As we emerged from lockdown earlier this year, we entered a different landscape to the one which was cast into darkness at the beginning of 2020. The trials of the music industry, as well as other sectors, have been well documented and many of the challenges existed before Covid ravaged creative businesses.

Liverpool has been fighting against a tide of gentrification for some years now. Developments have increasingly impinged on spaces which have enabled creativity to thrive. Year on year the live circuits of Merseyside have changed.

Nonetheless, the live scene in and around the city has kicked back into gear as the festival season makes way for the autumn deluge of gigs. It’s clear that the people who are passionate about live music and art have not been cowed by the pandemic. While it hurts to see old venues boarded up, it’s heartening to see new venue names on gig listings.

In our series City Spaces, produced by Bido Lito! Digital Content Creators Iona Fazer and Harry Robertson, we look at the venues and the teams behind the spaces keeping live music alive. In these films we hear about the passion and drive ensuring Liverpool maintains a buoyant new music scene. The teams behind DIY venues, new spaces and the artists who relish performing in them, talk about the challenges and tribulations currently facing live events.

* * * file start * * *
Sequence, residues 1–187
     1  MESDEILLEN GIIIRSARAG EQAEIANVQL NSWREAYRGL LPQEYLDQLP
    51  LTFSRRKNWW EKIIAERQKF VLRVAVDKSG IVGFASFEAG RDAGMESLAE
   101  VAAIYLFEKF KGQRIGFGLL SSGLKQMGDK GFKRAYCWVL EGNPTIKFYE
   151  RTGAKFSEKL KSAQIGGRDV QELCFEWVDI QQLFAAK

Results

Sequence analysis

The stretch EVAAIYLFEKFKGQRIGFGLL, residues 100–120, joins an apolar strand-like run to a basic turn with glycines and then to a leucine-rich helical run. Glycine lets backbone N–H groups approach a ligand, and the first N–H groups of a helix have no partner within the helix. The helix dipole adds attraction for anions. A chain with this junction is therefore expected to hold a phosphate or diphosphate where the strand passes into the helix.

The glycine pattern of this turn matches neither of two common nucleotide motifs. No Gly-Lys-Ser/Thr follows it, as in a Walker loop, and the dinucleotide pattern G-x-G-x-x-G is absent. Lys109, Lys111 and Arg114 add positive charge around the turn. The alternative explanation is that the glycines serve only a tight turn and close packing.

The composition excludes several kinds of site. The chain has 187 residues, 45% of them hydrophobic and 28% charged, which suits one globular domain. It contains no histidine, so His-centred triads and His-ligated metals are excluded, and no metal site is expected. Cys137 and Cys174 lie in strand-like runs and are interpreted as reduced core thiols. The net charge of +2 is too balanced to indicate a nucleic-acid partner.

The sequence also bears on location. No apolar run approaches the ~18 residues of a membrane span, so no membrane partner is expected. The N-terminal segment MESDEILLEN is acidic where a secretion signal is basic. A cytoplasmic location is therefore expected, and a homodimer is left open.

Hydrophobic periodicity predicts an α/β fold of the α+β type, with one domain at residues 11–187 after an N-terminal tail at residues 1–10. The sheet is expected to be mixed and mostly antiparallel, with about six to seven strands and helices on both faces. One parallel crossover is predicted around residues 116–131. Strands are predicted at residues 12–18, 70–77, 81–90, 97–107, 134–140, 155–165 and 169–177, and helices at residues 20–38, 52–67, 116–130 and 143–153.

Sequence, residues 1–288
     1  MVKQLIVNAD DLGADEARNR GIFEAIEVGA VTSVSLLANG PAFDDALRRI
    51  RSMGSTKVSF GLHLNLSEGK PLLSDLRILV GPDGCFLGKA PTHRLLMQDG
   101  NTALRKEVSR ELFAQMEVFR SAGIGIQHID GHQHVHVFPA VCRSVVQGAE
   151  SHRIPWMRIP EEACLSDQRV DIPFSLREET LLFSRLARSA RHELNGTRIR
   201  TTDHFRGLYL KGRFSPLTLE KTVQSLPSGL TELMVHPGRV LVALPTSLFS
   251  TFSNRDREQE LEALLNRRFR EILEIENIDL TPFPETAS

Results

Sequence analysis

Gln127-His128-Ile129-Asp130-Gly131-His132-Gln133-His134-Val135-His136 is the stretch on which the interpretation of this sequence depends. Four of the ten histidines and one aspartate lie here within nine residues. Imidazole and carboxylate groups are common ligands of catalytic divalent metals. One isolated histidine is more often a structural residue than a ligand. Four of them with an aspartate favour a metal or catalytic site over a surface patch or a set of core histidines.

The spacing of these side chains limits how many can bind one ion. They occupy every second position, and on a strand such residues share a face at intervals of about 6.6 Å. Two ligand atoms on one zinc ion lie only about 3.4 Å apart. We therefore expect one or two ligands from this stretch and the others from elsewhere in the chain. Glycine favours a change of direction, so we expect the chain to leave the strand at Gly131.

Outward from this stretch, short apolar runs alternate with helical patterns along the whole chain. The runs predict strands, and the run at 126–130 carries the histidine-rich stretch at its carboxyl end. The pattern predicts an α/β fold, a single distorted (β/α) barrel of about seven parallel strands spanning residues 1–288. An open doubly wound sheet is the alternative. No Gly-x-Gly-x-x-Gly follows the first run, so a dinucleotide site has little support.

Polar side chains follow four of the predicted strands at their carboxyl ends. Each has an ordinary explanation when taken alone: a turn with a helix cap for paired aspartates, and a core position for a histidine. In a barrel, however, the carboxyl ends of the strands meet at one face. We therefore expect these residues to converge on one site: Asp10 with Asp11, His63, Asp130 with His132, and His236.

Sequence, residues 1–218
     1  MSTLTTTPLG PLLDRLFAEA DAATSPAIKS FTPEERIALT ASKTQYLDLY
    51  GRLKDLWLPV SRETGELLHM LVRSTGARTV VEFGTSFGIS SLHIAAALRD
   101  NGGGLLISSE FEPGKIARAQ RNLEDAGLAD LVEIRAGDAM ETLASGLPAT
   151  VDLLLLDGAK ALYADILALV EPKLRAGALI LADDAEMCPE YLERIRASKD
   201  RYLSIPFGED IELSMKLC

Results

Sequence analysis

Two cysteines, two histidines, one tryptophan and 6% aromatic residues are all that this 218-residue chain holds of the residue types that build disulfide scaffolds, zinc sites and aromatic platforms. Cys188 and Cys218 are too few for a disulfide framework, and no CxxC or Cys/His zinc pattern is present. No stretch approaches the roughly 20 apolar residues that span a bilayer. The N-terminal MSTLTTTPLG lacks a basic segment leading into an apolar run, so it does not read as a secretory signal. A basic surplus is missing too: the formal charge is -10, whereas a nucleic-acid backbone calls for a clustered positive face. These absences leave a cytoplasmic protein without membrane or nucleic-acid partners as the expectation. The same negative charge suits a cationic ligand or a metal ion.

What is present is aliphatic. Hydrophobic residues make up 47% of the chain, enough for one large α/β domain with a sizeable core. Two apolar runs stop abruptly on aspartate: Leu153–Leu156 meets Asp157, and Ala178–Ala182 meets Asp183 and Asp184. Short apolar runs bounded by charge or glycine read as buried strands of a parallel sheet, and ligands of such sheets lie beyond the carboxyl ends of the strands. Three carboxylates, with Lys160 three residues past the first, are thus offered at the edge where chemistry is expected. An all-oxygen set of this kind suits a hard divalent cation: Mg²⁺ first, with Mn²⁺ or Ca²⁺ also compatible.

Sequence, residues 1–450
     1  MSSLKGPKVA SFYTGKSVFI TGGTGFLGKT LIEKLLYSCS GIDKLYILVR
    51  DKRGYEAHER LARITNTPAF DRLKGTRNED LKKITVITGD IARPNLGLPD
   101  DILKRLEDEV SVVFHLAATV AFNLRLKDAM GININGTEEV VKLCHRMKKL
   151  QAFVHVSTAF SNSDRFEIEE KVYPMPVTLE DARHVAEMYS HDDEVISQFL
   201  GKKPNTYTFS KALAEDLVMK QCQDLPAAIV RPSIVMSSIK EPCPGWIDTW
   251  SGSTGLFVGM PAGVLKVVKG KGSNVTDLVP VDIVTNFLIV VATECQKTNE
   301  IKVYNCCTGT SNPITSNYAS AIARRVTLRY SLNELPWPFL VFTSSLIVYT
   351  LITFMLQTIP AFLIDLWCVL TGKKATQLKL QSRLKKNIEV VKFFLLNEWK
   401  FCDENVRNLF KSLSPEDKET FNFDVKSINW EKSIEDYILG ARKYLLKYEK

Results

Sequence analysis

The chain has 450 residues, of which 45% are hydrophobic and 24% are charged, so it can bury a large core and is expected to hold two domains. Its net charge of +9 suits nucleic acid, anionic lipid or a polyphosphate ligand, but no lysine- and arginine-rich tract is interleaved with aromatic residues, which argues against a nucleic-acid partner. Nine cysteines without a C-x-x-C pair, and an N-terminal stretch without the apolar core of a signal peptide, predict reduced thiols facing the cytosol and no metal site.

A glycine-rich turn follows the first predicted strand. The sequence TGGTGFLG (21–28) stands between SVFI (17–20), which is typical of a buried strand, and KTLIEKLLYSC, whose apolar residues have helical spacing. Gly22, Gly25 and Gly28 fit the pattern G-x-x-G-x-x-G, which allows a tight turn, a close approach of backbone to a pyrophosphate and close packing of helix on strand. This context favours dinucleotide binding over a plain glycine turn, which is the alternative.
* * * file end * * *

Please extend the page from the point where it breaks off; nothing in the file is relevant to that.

This page will be constantly added to with new films so keep checking back!

Bridewell Studios

with owner Fiona Filby and Astles.
Located in Kensington and with a fascinating history, The Bridewell Studios are primarily a space for artists but with burgeoning gig offering.

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Q U A RRY

with team members Jack, Chrissy and Polexia.
Home to experimental and industrial label Spine Records and regular noise parties, Q U A RRY also host intimate gigs of a variety of genre.

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